Heads Up, Helmets On in Amherst

Successful awareness campaign returning to town this summer

Darrell Cole webcomments@ngnews.ca
Published on June 13, 2014
The Amherst Police Department’s successful Heads Up, Helmets On program is returning this summer. Police will be rewarding children who wear a helmet when riding their bicycles, scooters, skateboard and inline skates with gift certificates from McDonald’s and Dairy Queen. Const. Tom Wood said the department also has a number of helmets available for children and adults who can’t afford to purchase one.
Darrell Cole - Cumberlandnewsnow.com

The Amherst Police Department's Heads Up, Helmets On program is returning to town this summer.

AMHERST – Kids probably don’t care much for statistics showing how bicycle helmets save lives, but they sure love being rewarded for wearing them.

The Amherst Police Department is bringing back its successful Heads Up, Helmets On program that rewards children who wear their helmets when riding bicycles, skateboards, scooters or inline skates.

“It sure is nice to be able to go over to a child and say here’s a gift certificate for being safe and wearing a helmet,” the department’s crime prevention office Const. Tom Wood said. “I know the children enjoy it and so do the officers because it helps further develop that relationship between our young people and the police department.”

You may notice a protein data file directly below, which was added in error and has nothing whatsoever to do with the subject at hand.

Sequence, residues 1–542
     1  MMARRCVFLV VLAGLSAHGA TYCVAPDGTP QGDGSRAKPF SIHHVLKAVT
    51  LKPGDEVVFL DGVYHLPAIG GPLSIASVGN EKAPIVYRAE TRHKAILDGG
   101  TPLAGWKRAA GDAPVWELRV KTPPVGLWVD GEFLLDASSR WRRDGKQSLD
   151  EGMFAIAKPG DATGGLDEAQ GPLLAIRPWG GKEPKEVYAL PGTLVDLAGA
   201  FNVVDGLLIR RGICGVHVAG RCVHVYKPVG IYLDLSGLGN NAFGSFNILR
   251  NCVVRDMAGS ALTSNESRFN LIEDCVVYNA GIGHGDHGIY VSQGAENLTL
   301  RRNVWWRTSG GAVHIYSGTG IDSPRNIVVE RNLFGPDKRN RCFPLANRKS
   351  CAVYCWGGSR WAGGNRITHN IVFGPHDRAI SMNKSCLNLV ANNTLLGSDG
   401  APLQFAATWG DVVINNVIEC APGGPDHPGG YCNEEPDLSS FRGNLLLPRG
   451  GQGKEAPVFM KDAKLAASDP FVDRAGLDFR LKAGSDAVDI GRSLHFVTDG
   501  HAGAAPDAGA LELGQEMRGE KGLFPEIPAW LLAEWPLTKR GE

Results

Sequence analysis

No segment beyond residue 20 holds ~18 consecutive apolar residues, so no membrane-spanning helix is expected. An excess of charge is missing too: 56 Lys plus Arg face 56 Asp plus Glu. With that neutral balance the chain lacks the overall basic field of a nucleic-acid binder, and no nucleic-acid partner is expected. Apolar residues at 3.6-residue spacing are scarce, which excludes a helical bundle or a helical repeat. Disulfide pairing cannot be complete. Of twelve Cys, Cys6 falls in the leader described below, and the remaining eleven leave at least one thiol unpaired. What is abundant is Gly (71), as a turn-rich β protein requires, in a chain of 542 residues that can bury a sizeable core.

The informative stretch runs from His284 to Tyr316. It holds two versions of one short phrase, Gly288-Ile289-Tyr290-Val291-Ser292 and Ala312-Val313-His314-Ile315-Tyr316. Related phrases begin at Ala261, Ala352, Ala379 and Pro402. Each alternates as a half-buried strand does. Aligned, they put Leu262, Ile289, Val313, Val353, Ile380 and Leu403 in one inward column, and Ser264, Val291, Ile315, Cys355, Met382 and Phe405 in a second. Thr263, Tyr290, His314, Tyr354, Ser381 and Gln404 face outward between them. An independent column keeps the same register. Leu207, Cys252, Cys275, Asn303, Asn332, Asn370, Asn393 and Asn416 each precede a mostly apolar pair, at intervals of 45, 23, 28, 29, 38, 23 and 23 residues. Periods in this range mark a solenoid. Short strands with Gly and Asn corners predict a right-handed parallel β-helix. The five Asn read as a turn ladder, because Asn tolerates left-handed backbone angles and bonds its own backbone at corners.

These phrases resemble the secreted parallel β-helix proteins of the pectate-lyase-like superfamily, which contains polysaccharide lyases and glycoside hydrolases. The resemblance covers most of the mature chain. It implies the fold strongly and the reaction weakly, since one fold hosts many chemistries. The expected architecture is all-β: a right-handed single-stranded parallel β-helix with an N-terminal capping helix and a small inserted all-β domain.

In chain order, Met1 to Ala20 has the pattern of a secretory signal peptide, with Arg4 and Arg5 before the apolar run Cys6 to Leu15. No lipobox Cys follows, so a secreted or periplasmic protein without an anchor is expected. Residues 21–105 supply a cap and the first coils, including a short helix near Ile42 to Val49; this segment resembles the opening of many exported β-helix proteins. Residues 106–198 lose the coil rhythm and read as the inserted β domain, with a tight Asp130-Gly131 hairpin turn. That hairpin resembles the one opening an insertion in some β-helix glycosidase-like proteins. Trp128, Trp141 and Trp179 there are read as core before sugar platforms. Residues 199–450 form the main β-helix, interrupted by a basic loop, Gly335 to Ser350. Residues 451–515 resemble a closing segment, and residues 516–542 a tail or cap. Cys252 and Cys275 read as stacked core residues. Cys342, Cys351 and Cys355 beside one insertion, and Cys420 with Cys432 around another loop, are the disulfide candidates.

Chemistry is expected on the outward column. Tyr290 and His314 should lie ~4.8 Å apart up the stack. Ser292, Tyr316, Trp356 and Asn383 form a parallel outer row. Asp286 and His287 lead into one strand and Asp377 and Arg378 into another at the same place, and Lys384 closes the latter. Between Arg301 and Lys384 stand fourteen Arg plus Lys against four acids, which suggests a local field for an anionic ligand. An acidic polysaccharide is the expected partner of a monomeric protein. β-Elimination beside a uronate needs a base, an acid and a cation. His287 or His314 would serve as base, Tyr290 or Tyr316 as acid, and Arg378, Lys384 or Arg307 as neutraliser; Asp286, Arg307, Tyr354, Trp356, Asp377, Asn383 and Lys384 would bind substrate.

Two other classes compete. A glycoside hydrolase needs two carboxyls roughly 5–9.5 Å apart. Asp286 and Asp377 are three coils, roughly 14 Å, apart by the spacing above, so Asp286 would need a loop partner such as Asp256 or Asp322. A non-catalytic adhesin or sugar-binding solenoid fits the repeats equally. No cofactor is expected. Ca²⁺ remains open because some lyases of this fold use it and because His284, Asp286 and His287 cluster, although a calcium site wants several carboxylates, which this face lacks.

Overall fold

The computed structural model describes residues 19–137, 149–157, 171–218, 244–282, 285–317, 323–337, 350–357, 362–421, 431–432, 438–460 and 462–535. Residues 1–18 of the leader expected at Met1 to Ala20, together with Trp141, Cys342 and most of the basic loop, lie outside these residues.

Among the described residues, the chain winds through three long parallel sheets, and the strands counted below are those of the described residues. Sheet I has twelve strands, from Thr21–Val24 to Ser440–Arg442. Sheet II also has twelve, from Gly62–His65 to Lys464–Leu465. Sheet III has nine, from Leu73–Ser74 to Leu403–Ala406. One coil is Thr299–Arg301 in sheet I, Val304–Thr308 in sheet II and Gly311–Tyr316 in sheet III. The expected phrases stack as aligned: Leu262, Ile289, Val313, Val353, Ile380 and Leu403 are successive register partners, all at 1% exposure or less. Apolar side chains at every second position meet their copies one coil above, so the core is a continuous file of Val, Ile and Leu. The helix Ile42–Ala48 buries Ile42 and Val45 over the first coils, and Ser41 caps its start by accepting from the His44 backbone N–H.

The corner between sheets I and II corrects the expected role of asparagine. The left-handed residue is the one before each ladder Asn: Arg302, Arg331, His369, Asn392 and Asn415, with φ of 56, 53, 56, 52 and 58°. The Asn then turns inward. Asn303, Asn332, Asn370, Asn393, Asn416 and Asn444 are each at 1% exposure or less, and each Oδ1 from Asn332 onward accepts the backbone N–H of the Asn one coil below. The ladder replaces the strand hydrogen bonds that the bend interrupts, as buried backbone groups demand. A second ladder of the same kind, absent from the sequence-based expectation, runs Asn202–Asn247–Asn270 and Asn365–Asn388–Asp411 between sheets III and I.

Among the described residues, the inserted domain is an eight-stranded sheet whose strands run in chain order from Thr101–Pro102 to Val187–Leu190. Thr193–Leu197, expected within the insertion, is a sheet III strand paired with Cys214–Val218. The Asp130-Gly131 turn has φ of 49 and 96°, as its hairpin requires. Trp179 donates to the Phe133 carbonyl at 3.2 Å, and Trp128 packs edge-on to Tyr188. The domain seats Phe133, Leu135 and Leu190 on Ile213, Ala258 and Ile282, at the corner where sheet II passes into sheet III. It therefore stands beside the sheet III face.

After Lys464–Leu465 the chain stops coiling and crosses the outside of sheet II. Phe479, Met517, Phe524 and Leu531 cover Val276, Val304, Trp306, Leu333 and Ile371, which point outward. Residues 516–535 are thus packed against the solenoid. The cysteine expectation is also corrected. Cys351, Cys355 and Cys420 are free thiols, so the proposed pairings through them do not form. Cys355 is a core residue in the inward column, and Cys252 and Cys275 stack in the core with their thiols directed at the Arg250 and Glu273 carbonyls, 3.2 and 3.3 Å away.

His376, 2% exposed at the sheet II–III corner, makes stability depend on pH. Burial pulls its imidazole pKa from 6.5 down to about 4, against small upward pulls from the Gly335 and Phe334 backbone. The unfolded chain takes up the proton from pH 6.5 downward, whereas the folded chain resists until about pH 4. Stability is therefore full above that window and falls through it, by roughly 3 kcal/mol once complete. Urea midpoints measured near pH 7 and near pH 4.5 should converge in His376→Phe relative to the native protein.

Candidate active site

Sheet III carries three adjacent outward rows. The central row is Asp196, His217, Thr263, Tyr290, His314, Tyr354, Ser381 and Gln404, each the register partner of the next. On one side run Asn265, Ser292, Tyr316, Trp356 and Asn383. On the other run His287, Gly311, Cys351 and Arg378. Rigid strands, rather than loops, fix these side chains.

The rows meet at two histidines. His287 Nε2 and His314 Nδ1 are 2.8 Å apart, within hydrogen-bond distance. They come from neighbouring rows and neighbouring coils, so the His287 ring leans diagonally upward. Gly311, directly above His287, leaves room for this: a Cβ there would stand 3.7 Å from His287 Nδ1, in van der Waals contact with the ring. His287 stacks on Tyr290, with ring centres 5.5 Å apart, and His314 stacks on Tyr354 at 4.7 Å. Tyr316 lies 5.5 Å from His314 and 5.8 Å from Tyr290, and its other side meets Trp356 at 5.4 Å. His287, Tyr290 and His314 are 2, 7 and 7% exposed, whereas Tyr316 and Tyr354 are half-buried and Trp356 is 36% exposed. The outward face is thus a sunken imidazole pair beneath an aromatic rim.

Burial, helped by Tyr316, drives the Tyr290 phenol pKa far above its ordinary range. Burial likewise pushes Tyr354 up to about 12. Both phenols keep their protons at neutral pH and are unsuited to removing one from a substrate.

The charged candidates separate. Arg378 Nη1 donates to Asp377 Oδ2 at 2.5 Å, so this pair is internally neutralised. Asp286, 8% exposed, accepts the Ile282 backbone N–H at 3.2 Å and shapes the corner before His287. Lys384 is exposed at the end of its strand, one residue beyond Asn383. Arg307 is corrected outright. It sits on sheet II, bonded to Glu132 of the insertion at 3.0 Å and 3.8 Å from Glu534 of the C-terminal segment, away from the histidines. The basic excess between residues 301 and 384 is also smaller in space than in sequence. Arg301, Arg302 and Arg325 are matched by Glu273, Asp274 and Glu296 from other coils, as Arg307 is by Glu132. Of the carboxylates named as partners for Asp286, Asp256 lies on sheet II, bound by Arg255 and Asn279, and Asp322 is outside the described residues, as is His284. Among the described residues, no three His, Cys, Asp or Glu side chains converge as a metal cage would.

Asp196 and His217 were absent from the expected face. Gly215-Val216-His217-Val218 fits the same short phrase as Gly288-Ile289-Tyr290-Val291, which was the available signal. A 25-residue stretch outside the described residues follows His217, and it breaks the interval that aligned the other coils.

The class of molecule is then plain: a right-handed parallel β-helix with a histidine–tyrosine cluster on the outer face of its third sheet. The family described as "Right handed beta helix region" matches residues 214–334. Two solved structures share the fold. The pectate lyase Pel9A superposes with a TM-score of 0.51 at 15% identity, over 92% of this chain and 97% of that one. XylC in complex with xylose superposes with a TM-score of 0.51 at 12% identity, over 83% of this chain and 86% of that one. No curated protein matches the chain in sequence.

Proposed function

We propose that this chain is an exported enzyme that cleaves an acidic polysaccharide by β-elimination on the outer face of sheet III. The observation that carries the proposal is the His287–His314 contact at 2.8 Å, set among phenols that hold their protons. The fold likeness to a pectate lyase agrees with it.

Throughout the summer, officers will be giving out coupons to children from McDonald’s and Dairy Queen for ice cream treats. Wood said the children are being rewarded for being good examples to others.

Wood said officers are continuing to encourage helmet use and he has seen an increase, especially at the Amherst Lions Skate Park. Wood said there are still some youths refusing to wear helmets at the park, but he said the majority are.

The same is true for those riding bikes, skateboards and skates around town.

“I believe our compliance rate is very high, higher than a lot of communities,” Wood said. “The compliance rate is also high among adults, many of whom grew up without the requirement for helmets. They’re being positive role models.”

Children and adults caught without a helmet have the option of taking an alternative measures program in which they hear a presentation about the importance of wearing a helmet.

Those who complete the short session don’t get fined, but those who refuse face a summary offence ticket of $147.

Helmets must be worn when riding a bicycle, skateboard, scooter or inline skates on all streets, sidewalks, parking lots and the skate park.

Wood said the department has a limited number of helmets available to give out to children and adults who are identified as not having the resources to purchase one.

For further information, contact Wood at 667-7227 to book a helmet fitting.


Twitter: @ADNdarrell